General Information

Pregnancy: Amikacin crosses the placenta. No reports linking the use of amikacin to congenital defects have been located. Ototoxicity, which is known to occur after amikacin therapy in humans, has not been reported as an effect of in utero exposure. However, other aminoglycosides (streptomycin) have been associated with infant ototoxicity following in utero exposure. If amikacin is required to treat a serious maternal infection, benefit likely outweighs potential risk.

Breastfeeding: Only very small amounts of amikacin are found in breast milk and amikacin is poorly orally absorbed. Likely compatible. Monitor infant for gastrointestinal side effects.

Therapy of gram negative organisms resistant to gentamicin and tobramycin but susceptible to amikacin.

As combination therapy for the treatment of some Mycobacteria spp (i.e. M. abscessus).

Consult pharmacy for all patients receiving amikacin for level interpretation and dose individualization.

Monitor creatinine at least 2-3 times/week. Formal audiology assessment should be done if planning to use amikacin for 2 weeks or longer or if any symptoms develop. Inform patient of risk of otoxocity and to report any symptoms.

Once daily dosing: Pre-dose serum drug levels should be negligible (less than 1 mg/L). Peak levels not required.

Multiple daily dosing: Serum drug levels are recommended around the third dose following initial therapy or any change in dose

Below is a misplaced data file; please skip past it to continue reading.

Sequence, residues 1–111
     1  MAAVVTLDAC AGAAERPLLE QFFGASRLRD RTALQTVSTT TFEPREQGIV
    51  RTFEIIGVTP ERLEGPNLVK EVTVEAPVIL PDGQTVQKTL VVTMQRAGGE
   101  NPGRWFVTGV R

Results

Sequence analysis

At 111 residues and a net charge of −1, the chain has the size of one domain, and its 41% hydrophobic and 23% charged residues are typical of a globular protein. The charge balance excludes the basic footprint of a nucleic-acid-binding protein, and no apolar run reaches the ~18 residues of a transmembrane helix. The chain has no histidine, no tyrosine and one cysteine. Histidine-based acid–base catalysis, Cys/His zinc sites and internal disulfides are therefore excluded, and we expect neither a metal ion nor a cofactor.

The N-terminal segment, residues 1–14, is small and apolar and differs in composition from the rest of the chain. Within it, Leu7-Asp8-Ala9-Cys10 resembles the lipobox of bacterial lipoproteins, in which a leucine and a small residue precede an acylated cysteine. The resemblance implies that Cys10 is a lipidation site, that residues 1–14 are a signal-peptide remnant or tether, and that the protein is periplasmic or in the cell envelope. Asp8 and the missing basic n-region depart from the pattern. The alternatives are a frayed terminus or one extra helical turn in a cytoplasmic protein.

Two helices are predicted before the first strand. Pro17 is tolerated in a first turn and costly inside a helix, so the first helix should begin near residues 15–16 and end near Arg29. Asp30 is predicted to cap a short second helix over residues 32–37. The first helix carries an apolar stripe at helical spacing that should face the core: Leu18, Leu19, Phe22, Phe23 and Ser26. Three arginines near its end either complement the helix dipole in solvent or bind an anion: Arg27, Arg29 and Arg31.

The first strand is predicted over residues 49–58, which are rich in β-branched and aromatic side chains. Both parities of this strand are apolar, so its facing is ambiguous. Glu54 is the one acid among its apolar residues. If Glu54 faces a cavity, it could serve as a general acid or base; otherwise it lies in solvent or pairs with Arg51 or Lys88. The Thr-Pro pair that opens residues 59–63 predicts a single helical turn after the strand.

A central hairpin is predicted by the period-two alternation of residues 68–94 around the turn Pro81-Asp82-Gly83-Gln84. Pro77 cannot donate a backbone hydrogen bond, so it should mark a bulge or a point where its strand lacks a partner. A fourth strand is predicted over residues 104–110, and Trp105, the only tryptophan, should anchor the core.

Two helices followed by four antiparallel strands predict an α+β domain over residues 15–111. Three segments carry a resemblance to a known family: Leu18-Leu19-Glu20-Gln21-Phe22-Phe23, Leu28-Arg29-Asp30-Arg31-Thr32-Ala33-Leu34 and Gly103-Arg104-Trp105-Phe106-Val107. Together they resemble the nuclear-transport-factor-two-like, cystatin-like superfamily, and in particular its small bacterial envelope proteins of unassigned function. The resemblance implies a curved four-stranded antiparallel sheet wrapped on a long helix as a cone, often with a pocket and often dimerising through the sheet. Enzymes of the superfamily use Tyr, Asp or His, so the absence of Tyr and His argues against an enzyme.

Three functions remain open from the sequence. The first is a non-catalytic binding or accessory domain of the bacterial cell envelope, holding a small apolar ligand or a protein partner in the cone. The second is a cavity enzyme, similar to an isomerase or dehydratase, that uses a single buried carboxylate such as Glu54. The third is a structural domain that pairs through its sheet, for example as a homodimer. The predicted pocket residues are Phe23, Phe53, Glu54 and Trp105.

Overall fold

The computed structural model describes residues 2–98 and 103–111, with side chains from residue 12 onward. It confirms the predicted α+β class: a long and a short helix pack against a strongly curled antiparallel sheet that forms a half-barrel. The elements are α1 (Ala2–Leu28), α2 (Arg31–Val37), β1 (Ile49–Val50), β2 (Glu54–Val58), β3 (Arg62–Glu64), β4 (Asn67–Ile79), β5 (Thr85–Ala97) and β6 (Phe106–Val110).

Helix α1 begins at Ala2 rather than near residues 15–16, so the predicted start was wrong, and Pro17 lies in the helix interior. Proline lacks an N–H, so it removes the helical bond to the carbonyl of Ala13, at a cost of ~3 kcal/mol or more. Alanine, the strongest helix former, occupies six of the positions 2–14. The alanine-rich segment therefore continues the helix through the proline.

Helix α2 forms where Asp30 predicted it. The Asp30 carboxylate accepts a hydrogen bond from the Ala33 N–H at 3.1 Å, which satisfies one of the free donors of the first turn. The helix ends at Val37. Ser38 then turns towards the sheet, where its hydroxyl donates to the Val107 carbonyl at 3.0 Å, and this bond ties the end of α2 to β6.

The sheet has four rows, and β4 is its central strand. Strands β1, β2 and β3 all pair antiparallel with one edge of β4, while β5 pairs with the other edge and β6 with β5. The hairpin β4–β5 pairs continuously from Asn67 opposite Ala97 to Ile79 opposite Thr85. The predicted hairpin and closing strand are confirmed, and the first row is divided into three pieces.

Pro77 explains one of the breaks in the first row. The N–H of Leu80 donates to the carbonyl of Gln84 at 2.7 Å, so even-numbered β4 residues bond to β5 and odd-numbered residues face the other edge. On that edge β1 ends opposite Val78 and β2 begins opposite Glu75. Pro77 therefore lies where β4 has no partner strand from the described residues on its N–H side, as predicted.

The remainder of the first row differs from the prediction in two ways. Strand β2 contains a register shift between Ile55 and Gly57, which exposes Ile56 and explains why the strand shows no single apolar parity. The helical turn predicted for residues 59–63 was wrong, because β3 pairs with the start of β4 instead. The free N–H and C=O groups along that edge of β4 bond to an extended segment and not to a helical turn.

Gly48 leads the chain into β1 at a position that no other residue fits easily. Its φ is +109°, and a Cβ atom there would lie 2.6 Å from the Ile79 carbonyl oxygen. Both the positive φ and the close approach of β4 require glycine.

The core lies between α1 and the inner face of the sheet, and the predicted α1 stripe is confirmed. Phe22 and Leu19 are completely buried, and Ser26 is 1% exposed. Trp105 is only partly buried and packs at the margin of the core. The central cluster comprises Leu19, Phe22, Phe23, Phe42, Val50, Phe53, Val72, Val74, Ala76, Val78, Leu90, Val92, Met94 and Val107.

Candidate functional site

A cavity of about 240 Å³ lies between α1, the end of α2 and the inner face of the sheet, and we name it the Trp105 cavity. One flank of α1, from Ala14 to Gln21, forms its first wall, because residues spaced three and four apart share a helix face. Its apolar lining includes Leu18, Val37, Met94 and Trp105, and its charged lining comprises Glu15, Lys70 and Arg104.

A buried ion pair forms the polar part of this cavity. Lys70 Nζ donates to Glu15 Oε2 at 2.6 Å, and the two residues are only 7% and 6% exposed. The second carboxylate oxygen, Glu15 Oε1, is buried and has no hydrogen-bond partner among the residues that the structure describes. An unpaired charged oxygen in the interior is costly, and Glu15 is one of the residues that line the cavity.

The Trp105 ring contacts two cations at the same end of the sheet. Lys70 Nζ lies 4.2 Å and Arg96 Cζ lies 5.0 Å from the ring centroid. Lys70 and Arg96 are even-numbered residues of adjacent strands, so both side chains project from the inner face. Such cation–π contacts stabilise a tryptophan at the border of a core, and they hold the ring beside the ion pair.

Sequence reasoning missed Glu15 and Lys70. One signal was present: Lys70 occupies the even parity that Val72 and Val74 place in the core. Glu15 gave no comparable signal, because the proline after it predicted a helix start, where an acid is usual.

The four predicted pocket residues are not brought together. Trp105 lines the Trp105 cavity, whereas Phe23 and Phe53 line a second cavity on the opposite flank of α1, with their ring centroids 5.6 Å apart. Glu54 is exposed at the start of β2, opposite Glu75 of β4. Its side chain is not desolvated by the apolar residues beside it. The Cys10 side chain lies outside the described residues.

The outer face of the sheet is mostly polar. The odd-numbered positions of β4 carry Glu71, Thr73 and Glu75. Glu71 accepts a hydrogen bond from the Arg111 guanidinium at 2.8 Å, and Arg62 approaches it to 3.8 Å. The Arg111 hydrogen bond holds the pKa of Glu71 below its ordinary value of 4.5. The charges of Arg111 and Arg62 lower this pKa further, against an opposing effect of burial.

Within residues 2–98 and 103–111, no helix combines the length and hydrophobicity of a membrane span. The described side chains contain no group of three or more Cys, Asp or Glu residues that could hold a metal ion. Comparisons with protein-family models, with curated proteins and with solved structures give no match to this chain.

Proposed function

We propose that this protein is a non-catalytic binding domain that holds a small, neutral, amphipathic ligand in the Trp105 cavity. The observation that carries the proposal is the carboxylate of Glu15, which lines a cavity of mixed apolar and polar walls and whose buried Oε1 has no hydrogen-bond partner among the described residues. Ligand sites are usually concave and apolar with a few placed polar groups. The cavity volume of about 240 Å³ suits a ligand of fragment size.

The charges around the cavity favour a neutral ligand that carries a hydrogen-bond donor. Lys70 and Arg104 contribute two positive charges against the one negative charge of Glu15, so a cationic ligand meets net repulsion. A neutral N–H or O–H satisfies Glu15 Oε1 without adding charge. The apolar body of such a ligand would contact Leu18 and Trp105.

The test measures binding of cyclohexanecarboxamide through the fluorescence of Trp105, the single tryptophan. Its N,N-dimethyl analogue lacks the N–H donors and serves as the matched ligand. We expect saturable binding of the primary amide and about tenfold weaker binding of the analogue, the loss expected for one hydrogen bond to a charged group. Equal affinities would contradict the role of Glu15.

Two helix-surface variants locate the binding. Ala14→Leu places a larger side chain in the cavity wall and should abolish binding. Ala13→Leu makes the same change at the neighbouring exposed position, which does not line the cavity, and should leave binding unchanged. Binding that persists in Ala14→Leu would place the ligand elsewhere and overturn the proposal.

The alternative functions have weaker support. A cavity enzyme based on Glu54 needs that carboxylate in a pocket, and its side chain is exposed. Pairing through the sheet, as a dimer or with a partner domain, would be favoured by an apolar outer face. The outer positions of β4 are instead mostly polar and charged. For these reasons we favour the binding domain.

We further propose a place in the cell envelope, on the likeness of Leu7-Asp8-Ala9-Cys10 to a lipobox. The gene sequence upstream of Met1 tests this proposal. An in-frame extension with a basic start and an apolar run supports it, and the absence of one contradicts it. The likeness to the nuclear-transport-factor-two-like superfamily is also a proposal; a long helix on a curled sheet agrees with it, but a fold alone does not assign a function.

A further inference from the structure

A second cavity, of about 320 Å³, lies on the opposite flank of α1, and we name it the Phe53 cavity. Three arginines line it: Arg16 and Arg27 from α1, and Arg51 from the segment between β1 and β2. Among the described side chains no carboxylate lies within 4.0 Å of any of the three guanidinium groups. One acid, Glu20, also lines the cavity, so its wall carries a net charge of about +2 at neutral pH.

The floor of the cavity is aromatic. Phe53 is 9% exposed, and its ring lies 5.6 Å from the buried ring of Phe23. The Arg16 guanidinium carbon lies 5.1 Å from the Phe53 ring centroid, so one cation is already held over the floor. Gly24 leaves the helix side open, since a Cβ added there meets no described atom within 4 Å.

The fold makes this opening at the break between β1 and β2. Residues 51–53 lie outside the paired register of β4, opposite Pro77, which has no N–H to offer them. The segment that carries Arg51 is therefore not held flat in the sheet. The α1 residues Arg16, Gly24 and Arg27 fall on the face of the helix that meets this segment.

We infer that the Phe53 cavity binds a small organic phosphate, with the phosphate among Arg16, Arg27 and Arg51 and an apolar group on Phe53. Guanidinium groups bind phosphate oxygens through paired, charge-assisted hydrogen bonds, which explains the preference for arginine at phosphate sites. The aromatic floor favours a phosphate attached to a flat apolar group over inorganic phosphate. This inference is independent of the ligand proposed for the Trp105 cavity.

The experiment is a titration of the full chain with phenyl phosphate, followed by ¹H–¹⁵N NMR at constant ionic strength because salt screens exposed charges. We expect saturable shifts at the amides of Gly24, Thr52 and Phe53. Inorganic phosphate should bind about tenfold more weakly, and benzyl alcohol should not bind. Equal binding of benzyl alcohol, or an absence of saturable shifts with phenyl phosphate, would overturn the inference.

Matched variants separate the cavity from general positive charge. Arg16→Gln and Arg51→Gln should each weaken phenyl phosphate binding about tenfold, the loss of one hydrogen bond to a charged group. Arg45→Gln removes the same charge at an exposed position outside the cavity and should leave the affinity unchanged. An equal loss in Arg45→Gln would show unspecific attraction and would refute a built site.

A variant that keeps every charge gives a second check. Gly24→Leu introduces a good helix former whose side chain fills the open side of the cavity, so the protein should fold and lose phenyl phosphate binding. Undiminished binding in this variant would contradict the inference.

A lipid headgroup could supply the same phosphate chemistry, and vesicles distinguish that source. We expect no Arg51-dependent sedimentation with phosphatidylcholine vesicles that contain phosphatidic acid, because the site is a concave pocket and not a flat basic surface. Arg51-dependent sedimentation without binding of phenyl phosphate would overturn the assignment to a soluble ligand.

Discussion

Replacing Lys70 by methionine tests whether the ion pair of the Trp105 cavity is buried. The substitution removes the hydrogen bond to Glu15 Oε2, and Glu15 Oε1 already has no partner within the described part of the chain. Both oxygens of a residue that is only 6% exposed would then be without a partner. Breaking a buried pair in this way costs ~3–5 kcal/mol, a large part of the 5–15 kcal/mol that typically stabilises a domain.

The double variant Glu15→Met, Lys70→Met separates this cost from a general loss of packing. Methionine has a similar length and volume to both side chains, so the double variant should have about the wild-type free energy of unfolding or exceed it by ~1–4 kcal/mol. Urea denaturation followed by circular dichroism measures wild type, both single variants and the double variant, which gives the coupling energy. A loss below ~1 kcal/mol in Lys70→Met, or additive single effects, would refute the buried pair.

• Pre-dose level: 0 to 30 minutes before next dose should be less than 10 mg/L
  • Post-dose level: 30 minutes after completion of an IV infusion should be 25 to 30 mg/L
  • Nephrotoxicity (non-oliguric) - greater toxicity with longer duration and supratherapeutic trough levels; avoid concomitant nephrotoxins
  • Vestibulocochlear toxicity (irreversible) - require audiology testing if prolonged use
  • Can exacerbate neuromuscular blockade - e.g. contraindicated in patients with myasthenia gravis.
  • Increased nephrotoxicity in combination with other nephrotoxic agents (ie. amphotericin B, cyclosporine, cisplatin, NSAIDS, contrast dye, vancomycin).
  • Increased ototoxicity: furosemide.
  • Neuromuscular blockade agents - respiratory paralysis.

Consult pharmacy for dosing in obese patients.

In obesity (total body weight (TBW) more than 125% ideal body weight (IBW)), dosing weight is IBW + 0.4 (TBW - IBW).

Antimicrobial class: Aminoglycoside